Closer to Nice than London, Prague is a fascinating destination. Mike Meade recently visited the capital of Bohemia and the Czech Republic
Prague offers a refreshing change of scenery from other European destinations. A visit to this relaxed Central European city is a step into the historic past, dominated by renaissance, baroque and gothic architecture dating back to the 9th century. Prague came under Hapsburg rule in 1526 and was the capital of Czechoslovakia from the country's formation in 1918 until its dissolution in 1993.
This is an supremely walkable city (free walking maps are readily available) and on the first day, our French-speaking guide, Lucie Troskova, accompanied us by bus up the Petrin Hill for lunch at the scenic Petrìnské Terasy restaurant before a colourful downhill jaunt to the flatter city centre across the Vltava River.
The first part of the stroll was down through the many levels of the city’s most popular tourist site, the Prague Castle. Built in the 9th century, it is the largest ancient castle in the world, and contains many palaces, chapels and galleries. History buffs should allow at least half a day to appreciate it fully. An hour is probably enough for the less culturally minded like myself.
From the Lesser Town (Malá Strana) amble across the famous Charles Bridge to the old town (Staré Mesto) and be sure not to miss the Jewish Quarter which sprang from the former ghetto. The Czech Republic is a largely secular society and not nearly as Catholic as I had imagined. A historic Jewish influence permeates the city, and references to Prague’s most famous Jewish son, Franz Kafka - the surrealist madcap writer who never finished a novel - are omnipresent.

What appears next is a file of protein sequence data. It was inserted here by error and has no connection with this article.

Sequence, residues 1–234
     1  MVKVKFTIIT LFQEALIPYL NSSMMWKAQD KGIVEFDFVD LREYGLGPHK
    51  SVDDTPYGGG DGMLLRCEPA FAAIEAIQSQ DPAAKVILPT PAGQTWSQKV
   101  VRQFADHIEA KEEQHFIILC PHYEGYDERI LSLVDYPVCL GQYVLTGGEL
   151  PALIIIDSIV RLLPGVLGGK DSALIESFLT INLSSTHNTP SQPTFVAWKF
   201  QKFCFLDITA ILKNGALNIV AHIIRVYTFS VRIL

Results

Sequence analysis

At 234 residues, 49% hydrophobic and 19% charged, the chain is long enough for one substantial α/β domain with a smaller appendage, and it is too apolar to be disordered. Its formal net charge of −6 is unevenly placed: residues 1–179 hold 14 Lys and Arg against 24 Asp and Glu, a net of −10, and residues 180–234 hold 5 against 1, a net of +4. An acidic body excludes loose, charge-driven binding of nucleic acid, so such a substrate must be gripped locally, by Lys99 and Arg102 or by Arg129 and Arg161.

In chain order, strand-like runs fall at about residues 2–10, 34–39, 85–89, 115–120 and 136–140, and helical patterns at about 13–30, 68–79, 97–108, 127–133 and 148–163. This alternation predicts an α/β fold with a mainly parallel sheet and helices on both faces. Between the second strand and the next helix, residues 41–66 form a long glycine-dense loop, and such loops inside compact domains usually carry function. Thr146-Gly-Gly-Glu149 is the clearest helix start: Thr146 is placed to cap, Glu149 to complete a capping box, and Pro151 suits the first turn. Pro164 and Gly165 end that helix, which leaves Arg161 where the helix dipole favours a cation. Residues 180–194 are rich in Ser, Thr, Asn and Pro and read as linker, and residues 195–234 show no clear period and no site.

In Staré Mesto, try to synchronise your visit to the Old Town Square with the hourly chiming of the astronomical clock, a unique curiosity. Its complex movement dates back over 500 years and the elaborate animation as it strikes the hour draws applause from an ever present crowd. Have your camera at the ready though - it only lasts a few seconds.
The Bohemians: Polite but remote
The Praguer welcome is courteous, but seldom effusive. They are a somewhat solemn lot, no doubt a throwback to Bohemia’s tumultuous past. Those of us who remember the Czech resistance to the Soviet invasion and the fiery 1969 self-sacrifice of the young martyr Jan Palach, will visit his simple memorial in the central St Wenceslas square with a lump in their throat. This is a city where a vibrant present and a troubled past unabashedly rub shoulders. Next to the modern Marks & Spencer store or KFC eatery there are still graffiti-marked statues and monuments to a Communist presence that the Czechs can’t seem to completely forget.
Vestiges of Communism
Reminders of the Communist era are most evident in the dismal suburban tower blocks that straddle the road from the modern new air terminal to central Prague. Lucie explained that old habits haven’t completely died here, even as Western ways replace much of the Soviet-influenced past. These suburbs are “sleeper-cities” where the working-class share grey tenement dwellings with the upper classes in stacked rabbit-hutches that serve them only to eat and sleep.